Unmanned aerial vehicles (UAV) are a class of aircrafts that can fly without the onboard presence of pilots [WAT 12]. Unmanned aircraft systemsconsist of the aircraft component, sensor payloads and a ground control station. They can be controlled by onboard electronic equipments or via control equipment from the ground. When it is remotely controlled from ground it is called RPV (Remotely Piloted Vehicle) and requires reliable wireless communication for control. Dedicated control systems may be devoted to large UAVs, and can be mounted aboard vehicles or in trailers to enable close proximity to UAVs that are limited by range or communication capabilities.UAVs are used for observation and tactical planning. This technology is now available for use in the emergency response field to assist the crew members. UAVs are classified based on the altitude range, endurance and weight, and support a wide range of applications including military and commercial applications. The smallest categories of UAVs are often accompanied by ground-control stations consisting of laptop computers and other components that are small enough to be carried easily with the aircraft in small vehicles, aboard boats or in backpacks. UAVs that are fitted with high precision cameras can navigate around the disaster area, take pictures and allow the crew members to perform image and structural analysis. As UAV operations require onsite personnel, it will be helpful for onsite crew members to access the disaster area first before entering the disaster affected area. UAVs that are suitable for outdoor operation and can fly at reasonable altitude are used for disaster impact analysis. The important aspect of such UAVs is that the initial assessment gives a clear disaster planning direction. After the survivors are detected via image analysis, crew members can then try to make contact with the survivors and perform quick rescue operations. Nano UAVs can be used in-built and combined with robots capabilities and can be a very useful in detecting structural damages to buildingsand detect survivors trapped inside debris.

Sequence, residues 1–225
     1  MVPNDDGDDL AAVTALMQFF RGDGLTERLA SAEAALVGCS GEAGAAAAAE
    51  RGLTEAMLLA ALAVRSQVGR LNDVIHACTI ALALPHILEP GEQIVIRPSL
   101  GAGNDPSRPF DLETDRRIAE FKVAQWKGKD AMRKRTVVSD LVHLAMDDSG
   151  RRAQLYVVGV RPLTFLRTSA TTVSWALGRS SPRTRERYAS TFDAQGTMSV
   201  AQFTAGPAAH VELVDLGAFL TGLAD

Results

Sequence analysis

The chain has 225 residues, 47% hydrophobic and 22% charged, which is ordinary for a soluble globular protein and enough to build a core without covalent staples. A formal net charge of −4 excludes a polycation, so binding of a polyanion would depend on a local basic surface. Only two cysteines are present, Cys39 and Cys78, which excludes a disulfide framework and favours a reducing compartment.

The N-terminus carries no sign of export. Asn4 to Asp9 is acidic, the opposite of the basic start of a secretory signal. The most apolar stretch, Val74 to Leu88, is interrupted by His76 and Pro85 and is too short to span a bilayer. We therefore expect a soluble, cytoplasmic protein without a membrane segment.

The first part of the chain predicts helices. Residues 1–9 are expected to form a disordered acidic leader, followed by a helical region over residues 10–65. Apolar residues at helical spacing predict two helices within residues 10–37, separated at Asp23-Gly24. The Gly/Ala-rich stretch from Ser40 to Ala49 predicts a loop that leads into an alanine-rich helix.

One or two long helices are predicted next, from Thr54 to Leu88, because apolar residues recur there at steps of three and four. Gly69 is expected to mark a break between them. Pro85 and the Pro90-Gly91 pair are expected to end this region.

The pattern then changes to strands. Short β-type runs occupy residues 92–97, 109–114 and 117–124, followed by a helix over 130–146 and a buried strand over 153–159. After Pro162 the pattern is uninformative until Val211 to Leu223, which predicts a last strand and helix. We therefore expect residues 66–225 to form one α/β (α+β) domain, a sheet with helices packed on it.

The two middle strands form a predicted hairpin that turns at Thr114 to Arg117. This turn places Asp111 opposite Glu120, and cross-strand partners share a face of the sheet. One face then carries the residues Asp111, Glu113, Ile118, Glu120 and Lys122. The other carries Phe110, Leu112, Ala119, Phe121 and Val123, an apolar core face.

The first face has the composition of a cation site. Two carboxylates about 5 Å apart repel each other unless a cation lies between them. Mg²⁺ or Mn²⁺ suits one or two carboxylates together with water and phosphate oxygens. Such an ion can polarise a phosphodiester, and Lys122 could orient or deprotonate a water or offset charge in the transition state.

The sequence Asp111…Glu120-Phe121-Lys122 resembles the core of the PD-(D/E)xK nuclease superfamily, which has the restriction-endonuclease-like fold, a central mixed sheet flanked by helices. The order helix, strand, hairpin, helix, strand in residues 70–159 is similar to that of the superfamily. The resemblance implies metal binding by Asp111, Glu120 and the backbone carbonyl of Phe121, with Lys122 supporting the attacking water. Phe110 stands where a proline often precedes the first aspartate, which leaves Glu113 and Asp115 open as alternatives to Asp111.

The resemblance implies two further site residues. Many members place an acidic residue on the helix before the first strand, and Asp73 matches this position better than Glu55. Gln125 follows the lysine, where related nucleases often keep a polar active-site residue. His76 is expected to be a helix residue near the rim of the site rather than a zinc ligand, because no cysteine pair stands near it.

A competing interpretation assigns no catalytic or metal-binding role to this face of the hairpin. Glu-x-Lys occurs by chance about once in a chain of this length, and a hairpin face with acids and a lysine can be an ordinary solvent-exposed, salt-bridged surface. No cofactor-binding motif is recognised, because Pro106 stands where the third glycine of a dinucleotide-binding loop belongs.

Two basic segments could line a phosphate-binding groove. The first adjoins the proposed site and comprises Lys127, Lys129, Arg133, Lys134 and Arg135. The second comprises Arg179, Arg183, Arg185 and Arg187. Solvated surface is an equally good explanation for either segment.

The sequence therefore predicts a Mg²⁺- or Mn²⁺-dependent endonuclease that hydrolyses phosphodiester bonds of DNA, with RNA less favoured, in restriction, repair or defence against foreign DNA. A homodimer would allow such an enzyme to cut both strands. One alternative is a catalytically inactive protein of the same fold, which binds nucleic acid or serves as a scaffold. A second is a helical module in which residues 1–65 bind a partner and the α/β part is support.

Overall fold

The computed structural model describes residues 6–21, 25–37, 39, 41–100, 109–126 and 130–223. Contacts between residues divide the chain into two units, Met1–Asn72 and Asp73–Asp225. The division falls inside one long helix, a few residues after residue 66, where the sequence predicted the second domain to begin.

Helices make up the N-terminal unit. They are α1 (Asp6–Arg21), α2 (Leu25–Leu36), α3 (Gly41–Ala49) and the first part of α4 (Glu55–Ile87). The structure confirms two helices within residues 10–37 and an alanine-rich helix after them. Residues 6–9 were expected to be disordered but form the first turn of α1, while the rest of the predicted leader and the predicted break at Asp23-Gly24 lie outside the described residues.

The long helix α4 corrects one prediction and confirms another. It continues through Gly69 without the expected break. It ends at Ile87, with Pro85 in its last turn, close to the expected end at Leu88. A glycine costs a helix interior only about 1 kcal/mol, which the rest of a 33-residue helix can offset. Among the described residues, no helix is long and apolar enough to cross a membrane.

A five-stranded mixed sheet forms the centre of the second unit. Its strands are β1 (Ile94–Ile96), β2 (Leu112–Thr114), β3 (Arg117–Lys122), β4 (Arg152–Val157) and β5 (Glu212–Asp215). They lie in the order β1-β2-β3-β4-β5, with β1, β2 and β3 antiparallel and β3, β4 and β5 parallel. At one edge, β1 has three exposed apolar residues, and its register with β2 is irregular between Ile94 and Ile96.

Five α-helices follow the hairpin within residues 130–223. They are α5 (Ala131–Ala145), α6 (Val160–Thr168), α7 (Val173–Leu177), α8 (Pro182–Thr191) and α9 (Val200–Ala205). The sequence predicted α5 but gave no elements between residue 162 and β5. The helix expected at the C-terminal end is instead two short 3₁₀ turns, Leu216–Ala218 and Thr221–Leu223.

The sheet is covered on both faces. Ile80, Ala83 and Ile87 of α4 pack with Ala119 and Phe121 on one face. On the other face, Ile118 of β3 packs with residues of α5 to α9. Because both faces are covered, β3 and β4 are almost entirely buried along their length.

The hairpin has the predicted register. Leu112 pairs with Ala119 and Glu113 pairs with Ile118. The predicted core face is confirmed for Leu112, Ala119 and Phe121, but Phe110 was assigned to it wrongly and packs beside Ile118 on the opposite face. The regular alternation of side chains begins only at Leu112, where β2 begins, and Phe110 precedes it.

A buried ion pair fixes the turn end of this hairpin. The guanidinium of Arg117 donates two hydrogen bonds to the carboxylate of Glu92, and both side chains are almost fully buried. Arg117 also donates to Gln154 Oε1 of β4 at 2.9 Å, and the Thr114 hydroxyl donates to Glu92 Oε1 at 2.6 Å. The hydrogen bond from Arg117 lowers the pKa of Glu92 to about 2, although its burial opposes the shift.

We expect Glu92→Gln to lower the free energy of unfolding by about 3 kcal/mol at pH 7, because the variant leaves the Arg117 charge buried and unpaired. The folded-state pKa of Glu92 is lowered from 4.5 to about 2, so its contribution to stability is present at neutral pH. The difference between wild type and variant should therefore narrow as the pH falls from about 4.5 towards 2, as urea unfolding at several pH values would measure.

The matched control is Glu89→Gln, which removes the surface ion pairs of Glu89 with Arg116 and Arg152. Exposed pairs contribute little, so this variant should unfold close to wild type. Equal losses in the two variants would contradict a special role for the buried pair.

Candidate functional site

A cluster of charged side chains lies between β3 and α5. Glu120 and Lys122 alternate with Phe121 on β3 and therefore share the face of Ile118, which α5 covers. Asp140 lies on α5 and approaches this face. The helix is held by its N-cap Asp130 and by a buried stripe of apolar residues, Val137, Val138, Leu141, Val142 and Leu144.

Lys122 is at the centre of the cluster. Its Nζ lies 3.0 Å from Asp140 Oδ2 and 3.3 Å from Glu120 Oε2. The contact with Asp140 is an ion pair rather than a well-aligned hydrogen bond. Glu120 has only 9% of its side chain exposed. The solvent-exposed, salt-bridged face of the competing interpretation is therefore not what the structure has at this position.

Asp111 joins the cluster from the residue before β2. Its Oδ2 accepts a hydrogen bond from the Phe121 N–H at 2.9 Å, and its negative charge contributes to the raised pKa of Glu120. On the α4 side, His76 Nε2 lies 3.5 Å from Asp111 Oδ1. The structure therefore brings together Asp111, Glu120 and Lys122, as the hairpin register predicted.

Unmanned Aerial Systems

he first UAVs actually predate manned aviation and have continued to be a part of both military and civilian aviation ever since. The first military and intelligence use of UAVs occurred as early as 1849, over 50 years prior to the wright brothers, to float incendiary balloons over Venice. Today, they are still used for military purposes as a design option to carry out hazardous special missions without risking the lives of personnel and/or to execute missions that would not be possible for a human being to accomplish within comparable time and operational parameters. Outfitted with appropriate military and technological payloads, today’s UAVs can perform surveillance and reconnaissance, collect signals intelligence (SIGINT), deliver ordnance, haul cargo, enforce laws, inspect remote pipelines, help fight wildfires, and more.Market growth among non-military operators has recently outpaced military and intelligence use as UAV technologies have improved and relative costs decreased, States and municipalities now task UAVs to enhance firefighting, traffic control, rescue operations, airport and maritime safety, park and forest management, and other tasks that support first responders. Commercial UAV uses include aerial photo and video services, data collection, building and infrastructure inspections, package delivery, residential and commercial real estate, security monitoring and inspections, film production, mapping, agriculture, and more. Universities and institutions use UAVs to collect data, imagery, and environmental samples for research projects, as well as for security. Personal use of small UAVs has also escalated, mostly for entertainment, but also for home security and property maintenance